Eyes: Still blue, but they look like Finn's at this age, so it's a good bet they'll go dark hazel in a year or two
Hair: Darker than Will's blonde, lighter than Finn's brown, redder than Bridget's sandy color
Teeth: Nowhere to be found
Feet: Sasquatch would be alarmed
Favorite activities: Drooling, cycling his legs, cooing, shoving Hadley's hands and feet into his mouth, watching his big brothers and sister race around, rolling all around his crib, practicing his sitting, playing peekaboo
Predominant mood: "Heeeeeeey, man, how've you beeeeeeeeen?"

Hadley's stats:
Height: 26.75 inches (87th %ile)
Weight: 17.5 pounds (82nd %ile)
Head: Orbiting around Anderson's
Hair: Punk-rock tufts of dark-brown-transitioning-to-dark-blonde (at least on top)
Eyes: Green--will she be the one and only Noon to inherit Dave's eye color? Stay tuned!
Teeth: Still just rocking her bottom two
Feet: Surprisingly dainty
Favorite activities: Gumming stuff, babbling, grabbing Anders' limbs, smiling for the camera, jumping in the jumperoo, rolling out of tummy time, using her heels to scoot on her back, making eye contact with ANYBODY EVER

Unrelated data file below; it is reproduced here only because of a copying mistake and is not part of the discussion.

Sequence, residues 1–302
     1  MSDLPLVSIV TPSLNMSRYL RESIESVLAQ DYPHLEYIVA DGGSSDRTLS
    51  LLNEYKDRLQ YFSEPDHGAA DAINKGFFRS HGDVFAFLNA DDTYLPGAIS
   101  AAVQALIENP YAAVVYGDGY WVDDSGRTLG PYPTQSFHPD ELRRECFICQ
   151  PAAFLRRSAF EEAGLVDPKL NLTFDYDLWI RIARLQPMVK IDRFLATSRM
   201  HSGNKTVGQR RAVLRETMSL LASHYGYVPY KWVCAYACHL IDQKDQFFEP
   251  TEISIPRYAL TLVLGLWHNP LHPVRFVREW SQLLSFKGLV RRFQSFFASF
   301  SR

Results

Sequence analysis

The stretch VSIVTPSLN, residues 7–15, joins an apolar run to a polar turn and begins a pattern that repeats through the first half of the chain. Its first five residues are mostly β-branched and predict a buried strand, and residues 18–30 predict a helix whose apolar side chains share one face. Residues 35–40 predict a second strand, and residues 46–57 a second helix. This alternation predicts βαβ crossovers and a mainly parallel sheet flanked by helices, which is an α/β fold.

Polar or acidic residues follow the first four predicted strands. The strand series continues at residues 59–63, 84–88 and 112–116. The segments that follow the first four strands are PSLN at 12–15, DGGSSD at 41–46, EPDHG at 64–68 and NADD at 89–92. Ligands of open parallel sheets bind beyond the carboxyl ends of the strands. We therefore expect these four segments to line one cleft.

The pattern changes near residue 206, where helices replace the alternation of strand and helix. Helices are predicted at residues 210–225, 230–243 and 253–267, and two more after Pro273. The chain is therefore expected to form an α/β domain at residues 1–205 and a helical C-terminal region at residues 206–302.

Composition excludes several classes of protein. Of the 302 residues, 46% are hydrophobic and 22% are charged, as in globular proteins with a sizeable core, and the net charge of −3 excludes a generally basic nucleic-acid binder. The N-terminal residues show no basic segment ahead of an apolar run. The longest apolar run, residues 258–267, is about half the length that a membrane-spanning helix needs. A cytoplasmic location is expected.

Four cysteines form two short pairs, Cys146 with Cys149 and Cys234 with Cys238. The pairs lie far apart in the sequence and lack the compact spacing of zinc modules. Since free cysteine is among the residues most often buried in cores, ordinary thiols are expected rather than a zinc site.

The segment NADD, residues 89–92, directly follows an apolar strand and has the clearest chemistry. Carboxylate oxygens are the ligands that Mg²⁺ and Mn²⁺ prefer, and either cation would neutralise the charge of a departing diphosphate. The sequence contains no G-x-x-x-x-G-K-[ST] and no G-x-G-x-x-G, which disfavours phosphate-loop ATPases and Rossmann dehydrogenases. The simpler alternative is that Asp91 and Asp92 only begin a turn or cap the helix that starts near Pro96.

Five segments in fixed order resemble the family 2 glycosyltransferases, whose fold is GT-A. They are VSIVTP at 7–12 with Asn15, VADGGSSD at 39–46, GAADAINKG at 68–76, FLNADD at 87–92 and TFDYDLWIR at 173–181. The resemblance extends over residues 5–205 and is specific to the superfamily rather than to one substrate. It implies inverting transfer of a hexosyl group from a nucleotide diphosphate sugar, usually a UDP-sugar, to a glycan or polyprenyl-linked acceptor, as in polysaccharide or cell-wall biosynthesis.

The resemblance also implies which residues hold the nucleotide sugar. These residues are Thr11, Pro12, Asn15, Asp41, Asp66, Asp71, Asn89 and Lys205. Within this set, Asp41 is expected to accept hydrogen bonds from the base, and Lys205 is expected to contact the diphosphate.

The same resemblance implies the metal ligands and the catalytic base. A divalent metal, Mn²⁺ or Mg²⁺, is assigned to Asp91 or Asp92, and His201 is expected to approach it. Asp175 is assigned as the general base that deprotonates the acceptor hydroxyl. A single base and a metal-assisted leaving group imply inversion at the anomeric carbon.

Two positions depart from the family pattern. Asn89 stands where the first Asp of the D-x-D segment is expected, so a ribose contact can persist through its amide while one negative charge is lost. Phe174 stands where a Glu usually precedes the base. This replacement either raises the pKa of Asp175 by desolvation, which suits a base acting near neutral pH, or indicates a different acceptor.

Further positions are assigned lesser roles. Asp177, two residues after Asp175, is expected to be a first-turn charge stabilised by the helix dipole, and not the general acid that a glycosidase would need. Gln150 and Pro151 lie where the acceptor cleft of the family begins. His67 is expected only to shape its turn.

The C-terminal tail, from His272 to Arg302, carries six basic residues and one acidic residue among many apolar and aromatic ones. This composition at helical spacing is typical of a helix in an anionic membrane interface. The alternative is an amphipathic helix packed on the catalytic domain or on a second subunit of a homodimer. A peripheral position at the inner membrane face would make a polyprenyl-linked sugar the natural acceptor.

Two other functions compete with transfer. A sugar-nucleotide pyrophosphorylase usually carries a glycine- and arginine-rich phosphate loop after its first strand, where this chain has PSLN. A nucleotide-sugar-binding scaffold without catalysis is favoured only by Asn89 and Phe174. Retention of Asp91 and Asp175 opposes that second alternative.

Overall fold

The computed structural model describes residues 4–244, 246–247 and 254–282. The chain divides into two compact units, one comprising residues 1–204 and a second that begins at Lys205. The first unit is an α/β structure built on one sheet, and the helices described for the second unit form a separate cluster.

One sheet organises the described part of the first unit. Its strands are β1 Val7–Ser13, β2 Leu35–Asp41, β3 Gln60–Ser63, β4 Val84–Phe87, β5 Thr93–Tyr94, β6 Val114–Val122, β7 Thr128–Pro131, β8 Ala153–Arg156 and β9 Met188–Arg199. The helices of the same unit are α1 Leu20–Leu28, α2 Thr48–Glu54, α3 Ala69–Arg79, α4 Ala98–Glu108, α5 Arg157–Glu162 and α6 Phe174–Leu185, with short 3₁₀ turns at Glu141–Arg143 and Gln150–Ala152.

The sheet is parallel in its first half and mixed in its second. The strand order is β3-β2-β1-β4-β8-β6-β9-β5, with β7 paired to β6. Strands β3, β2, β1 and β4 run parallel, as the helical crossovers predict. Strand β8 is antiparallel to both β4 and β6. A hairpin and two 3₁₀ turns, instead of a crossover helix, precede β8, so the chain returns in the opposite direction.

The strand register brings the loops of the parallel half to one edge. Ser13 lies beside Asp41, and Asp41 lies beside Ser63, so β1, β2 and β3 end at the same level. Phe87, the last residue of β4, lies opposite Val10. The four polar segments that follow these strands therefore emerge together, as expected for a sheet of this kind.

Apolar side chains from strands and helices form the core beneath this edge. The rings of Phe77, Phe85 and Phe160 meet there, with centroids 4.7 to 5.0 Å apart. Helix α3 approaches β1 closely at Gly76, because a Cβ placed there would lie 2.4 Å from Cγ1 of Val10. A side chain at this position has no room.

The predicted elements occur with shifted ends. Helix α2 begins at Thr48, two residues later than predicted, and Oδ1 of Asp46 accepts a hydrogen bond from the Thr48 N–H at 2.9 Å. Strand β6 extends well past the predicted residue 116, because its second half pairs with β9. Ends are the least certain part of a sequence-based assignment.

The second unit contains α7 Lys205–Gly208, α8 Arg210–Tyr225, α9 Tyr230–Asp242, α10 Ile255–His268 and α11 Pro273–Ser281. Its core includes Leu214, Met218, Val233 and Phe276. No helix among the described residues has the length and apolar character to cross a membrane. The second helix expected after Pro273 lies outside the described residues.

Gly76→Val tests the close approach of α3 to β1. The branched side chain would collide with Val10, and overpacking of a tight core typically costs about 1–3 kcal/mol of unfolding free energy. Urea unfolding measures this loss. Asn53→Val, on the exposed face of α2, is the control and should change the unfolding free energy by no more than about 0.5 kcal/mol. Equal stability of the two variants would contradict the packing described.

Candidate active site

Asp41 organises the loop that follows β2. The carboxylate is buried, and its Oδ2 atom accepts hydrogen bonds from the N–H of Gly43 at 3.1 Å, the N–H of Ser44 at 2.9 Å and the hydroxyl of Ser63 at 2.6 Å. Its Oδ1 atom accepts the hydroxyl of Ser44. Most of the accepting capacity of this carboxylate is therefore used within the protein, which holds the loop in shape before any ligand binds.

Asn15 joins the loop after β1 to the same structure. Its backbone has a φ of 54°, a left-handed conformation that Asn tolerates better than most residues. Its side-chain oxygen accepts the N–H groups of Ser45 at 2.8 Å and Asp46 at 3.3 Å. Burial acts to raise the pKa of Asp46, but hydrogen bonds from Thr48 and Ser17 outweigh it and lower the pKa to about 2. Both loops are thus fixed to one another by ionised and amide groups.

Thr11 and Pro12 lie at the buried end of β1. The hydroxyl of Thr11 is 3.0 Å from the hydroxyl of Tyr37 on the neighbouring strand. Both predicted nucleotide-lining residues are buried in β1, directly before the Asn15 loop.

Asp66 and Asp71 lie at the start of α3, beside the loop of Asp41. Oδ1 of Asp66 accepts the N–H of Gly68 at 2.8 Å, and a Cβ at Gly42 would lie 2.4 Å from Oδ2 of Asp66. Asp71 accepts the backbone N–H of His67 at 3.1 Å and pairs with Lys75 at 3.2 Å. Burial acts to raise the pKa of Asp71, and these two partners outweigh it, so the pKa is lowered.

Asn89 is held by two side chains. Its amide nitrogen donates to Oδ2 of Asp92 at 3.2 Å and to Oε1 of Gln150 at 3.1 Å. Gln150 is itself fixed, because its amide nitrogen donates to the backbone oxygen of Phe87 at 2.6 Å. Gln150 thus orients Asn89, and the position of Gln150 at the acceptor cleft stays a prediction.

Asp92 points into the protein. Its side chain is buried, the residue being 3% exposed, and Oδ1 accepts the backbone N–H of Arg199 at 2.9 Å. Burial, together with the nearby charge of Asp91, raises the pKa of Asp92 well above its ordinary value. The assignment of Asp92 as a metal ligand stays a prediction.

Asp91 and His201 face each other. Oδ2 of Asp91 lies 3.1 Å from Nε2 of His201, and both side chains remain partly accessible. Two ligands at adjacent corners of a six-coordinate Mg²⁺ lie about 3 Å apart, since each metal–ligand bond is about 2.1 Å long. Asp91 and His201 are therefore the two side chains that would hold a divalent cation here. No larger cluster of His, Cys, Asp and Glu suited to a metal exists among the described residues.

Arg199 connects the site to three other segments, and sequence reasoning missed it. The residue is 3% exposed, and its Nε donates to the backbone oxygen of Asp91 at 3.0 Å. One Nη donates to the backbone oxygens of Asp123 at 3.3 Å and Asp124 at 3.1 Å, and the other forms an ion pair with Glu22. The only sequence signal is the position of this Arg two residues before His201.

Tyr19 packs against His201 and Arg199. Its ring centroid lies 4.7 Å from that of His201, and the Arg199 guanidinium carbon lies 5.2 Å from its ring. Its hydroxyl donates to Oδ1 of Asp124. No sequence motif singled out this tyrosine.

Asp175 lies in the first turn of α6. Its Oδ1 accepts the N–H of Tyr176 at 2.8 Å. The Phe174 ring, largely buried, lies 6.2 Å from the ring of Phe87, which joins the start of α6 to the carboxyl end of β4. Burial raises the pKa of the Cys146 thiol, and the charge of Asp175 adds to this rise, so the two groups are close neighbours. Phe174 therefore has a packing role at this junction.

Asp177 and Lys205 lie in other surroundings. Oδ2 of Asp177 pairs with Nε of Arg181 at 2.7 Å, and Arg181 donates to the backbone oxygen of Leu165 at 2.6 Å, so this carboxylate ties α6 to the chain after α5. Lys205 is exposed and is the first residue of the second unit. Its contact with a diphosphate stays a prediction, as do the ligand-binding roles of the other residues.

Predominant mood: "Hi! Is that a camera? Hi! Cheeeeese! Hi there! Are you looking at me? Are we TALKING? HI HI HI HI HI! I'm over here! HIIIIIIIIIIIIIIIIIIIIIII!"

And now for an absurd amount of pictures that are only slightly different from each other, 
but also so cute that I couldn't possibly choose favorites:

Saturday, May 3, 2014

The Will Report: 5 1/2 Years Old

[This is the first and last time I'll ever be able to say: I have five kids, ranging from five-point-five months to five-point-five years, so I had to write it just once.]